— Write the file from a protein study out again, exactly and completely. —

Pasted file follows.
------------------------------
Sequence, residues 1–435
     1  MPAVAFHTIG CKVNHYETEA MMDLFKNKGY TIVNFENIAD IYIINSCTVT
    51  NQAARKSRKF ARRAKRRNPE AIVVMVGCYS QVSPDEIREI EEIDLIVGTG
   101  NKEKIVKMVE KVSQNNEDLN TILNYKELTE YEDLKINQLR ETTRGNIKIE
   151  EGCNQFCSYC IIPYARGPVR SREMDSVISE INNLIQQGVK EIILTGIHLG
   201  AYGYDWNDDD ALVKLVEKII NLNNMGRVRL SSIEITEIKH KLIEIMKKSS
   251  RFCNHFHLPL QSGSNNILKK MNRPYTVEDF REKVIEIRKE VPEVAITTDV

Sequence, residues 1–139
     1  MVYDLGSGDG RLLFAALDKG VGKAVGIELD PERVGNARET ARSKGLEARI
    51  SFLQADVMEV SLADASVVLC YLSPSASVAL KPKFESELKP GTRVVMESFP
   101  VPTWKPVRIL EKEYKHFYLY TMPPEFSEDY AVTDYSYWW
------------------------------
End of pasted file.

Sequence, residues 1–435
     1  MPAVAFHTIG CKVNHYETEA MMDLFKNKGY TIVNFENIAD IYIINSCTVT
    51  NQAARKSRKF ARRAKRRNPE AIVVMVGCYS QVSPDEIREI EEIDLIVGTG
   101  NKEKIVKMVE KVSQNNEDLN TILNYKELTE YEDLKINQLR ETTRGNIKIE
   151  EGCNQFCSYC IIPYARGPVR SREMDSVISE INNLIQQGVK EIILTGIHLG
   201  AYGYDWNDDD ALVKLVEKII NLNNMGRVRL SSIEITEIKH KLIEIMKKSS
   251  RFCNHFHLPL QSGSNNILKK MNRPYTVEDF REKVIEIRKE VPEVAITTDV

Sequence, residues 1–139
     1  MVYDLGSGDG RLLFAALDKG VGKAVGIELD PERVGNARET ARSKGLEARI
    51  SFLQADVMEV SLADASVVLC YLSPSASVAL KPKFESELKP GTRVVMESFP
   101  VPTWKPVRIL EKEYKHFYLY TMPPEFSEDY AVTDYSYWW